Substantially the same system was put into effect in France and Holland. German Goods Offices were established in Occupied France at the same time as in Belgium (3604-PS). These were subsequently abolished in November, 1940, however, when the Vichy Government, at the "suggestion" of the Nazis, created raw material rationing boards, on which delegates of the German Military Administration served as technical advisers (EC-613; EC-616). In the Netherlands, controls were exercised by the local German Armament Inspectorate (EC-471; EC-472-A), who, it is believed, made use of the rationing boards set up in Holland before the outbreak of war.

C. The Nazi Conspirators Acquired Ownership of Belgian, Dutch, and French Participations in European Industries By Means of Governmental Pressure and Through the Use of Funds Unlawfully Exacted from the Occupied Countries and Their National.

The Nazi conspirators were not content with securing for Germany the supplies necessary for the period of the war. They aimed at obtaining permanent ownership and domination of European industry to the fullest extent possible, and embarked on program to that end even during the progress of the war.

(1) The Nazi conspirators established a program to acquire for German interests ownership of Belgian, Dutch, and French participations during the war. On 23 May 1940, recommendation was made that it would be opportune to secure all Dutch and Belgian stocks "in order, especially in the case of holding companies, to win influence over the controlled companies' (EC-41). The memorandum recommended the taking possession of stocks of the dominated companies located in foreign countries and influencing the decisions of members of holding companies located in Holland and Belgium or of other owners of such stock. Because of the provisions of private property, it was deemed more advisable to influence members of holding companies through careful guiding than through plain force. (EC-41)

At a meeting held in the Reich Ministry of Economics on 3 June 1940 on the subject of "Belgian and Dutch capital shares in southeastern European countries," it was decided that regulations should be issued immediately by the Military Commander for Belgium prohibiting the destruction, transfer, or disposition of any bonds or stocks of these countries, and that registration should be required of owners and trustees. (1445-PS)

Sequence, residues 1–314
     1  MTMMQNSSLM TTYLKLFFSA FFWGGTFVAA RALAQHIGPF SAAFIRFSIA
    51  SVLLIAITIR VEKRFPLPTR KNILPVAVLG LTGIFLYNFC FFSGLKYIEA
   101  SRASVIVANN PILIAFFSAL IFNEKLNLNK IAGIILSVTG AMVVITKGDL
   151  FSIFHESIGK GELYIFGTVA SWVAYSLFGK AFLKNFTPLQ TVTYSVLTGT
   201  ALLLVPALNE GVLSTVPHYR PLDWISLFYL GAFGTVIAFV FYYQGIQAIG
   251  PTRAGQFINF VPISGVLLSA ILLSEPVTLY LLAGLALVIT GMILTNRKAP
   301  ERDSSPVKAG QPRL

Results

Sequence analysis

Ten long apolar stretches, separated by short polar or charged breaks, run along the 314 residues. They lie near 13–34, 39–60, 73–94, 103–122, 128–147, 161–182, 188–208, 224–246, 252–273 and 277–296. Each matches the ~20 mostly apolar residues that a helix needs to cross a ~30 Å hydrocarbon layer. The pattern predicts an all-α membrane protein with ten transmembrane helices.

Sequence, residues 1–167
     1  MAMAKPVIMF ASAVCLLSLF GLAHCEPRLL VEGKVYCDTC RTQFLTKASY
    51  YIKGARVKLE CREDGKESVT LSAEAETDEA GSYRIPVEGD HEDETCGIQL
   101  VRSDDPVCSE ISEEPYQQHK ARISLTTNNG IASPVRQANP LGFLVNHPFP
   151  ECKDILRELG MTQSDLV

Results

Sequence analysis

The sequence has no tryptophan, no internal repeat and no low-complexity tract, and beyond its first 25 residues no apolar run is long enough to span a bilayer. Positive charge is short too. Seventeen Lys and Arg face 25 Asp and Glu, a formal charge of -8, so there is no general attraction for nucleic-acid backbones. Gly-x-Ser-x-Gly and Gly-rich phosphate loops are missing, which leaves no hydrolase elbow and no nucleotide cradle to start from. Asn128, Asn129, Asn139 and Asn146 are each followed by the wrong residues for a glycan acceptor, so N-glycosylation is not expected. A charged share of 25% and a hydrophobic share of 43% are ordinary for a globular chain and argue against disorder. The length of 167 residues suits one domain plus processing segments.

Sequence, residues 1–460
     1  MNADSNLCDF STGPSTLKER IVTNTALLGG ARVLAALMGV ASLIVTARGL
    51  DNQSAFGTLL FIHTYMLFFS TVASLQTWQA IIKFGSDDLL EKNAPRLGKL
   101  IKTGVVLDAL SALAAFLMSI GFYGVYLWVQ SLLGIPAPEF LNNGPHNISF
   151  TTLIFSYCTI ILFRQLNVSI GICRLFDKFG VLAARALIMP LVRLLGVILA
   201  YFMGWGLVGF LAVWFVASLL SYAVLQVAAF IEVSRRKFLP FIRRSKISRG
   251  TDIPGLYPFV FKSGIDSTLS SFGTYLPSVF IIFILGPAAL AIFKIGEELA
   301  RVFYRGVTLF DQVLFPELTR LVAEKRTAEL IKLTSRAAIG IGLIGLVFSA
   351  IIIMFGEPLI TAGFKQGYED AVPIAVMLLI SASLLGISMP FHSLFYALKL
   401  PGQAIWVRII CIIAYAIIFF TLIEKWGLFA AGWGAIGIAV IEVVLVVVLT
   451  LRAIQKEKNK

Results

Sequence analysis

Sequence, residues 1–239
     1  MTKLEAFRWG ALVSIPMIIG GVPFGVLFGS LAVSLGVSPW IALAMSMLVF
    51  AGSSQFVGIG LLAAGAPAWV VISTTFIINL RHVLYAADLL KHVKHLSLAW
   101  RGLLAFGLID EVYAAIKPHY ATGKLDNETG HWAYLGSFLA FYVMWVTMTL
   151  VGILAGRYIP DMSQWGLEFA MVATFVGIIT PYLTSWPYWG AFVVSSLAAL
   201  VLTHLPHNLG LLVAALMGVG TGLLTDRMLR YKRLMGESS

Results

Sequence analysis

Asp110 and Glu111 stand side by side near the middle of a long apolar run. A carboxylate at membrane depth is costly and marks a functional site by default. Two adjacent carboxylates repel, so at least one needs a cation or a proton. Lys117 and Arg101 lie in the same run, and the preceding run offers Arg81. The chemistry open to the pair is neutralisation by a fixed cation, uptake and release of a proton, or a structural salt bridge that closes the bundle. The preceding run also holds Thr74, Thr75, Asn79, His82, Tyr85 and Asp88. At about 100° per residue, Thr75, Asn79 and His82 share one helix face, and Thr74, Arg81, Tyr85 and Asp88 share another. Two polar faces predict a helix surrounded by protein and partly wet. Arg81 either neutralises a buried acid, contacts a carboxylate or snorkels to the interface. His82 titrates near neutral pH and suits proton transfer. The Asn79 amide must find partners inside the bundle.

In a memorandum of 2 August 1940 Goering declared that the goal of the Germans' economic policy was the "increase of German influence with foreign enterprises," that it was "necessary already now that any opportunity is used ot make it possible for the German economy to start the penetration even during the war of the interesting objects of the economy of the occupied countries," and directed that the transfer of capital from Germany to the occupied countries be facilitated to make possible the immediate purchase of enterprises in the occupied countries. (EC-137)

At a meeting at the Reich Ministry of Economics on 8 August 1940 on the subject of "Acquisition of shares of important foreign enterprises in southeastern Europe," Dr. Schlotterer of the Reich Ministry of Economics commented that "private economical penetration of the Southeast area by German influence is desirable, likewise the supplanting of British and French interests in that territory" (EC-43). The group present, including representatives of the Reich Ministry of Economics and the Reichsbank, agreed that "attempts should be made immediately to acquire shares" and that "in doing so the tendency should be preserved to present a bill for the shares at the peace conference." It was further agreed that "it should be attempted if possible to transfer the shares into private hands" but that "in order to make the right selection it appears necessary to introduce an intermediary stage" in which "first of all, enterprises should be taken over through banks, thereupon the plants should be managed as a matter of trusteeship for the Reich with the aim that the Reich (Reich Marshal Goering)" undertake handing them over to private industry. (EC-43)

(2) The Nazi conspirators carried out this program by compulsory sale where necessary and by purchases financed out of occupation charges and under clearing agreements with the occupied countries.

Belgium

Immediate steps were taken to implement these measures in Belgium. The annual report of the Commissar at the National Bank from May 1940-41 states:

"According to the directions of the Reichsmarshal Goering as early as September 1940 the first measures for a closer formation of capital ties between the Belgian and German economy were taken. Two different procedures were concerned here:

"1. Direct negotiations between German industrialists and Belgian industrialists, for the purpose of obtaining constructive participations in important Belgian enterprises which offer the basis for collaboration between the two economies even after the war. Furthermore, it is desired to transfer to German hands important Belgian participations in foreign enterprises whose administration is located in Belgium, particularly so far as enterprises are concerned which are located in the Balkans and in which a general German interest exists.

"2. Ties which result from purchases of stock by German parties on the Belgian stock markets. For this purpose the Reich Economic Minister has given general permission to 32 German banks ot obtain participation rights, particularly stocks, in a limited quantity in Belgium. Till now use has been made of this permission in the amount of about 25 million RM, to which can be added an additional 10 million RM for the procurement of Belgian participations in Rumania, Bulgaria, and the former Poland." (ECR-24)

In this report for November 1940 the Military Commander for Belgium stated: